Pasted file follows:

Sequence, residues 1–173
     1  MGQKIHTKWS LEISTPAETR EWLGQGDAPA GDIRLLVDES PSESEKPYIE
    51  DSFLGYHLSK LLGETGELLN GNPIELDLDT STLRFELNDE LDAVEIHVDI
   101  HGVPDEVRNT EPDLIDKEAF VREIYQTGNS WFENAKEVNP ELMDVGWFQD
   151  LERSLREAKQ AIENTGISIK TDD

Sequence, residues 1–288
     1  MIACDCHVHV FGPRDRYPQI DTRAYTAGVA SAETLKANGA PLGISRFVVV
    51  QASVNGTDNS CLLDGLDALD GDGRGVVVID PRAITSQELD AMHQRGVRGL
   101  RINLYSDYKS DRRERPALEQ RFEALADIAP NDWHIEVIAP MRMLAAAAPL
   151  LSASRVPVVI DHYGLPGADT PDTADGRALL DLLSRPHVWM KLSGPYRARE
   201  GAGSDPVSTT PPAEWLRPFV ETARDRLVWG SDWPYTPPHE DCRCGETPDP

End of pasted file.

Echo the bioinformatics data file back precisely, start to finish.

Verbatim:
Sequence, residues 1–173
     1  MGQKIHTKWS LEISTPAETR EWLGQGDAPA GDIRLLVDES PSESEKPYIE
    51  DSFLGYHLSK LLGETGELLN GNPIELDLDT STLRFELNDE LDAVEIHVDI
   101  HGVPDEVRNT EPDLIDKEAF VREIYQTGNS WFENAKEVNP ELMDVGWFQD
   151  LERSLREAKQ AIENTGISIK TDD

Sequence, residues 1–288
     1  MIACDCHVHV FGPRDRYPQI DTRAYTAGVA SAETLKANGA PLGISRFVVV
    51  QASVNGTDNS CLLDGLDALD GDGRGVVVID PRAITSQELD AMHQRGVRGL
   101  RINLYSDYKS DRRERPALEQ RFEALADIAP NDWHIEVIAP MRMLAAAAPL
   151  LSASRVPVVI DHYGLPGADT PDTADGRALL DLLSRPHVWM KLSGPYRARE
   201  GAGSDPVSTT PPAEWLRPFV ETARDRLVWG SDWPYTPPHE DCRCGETPDP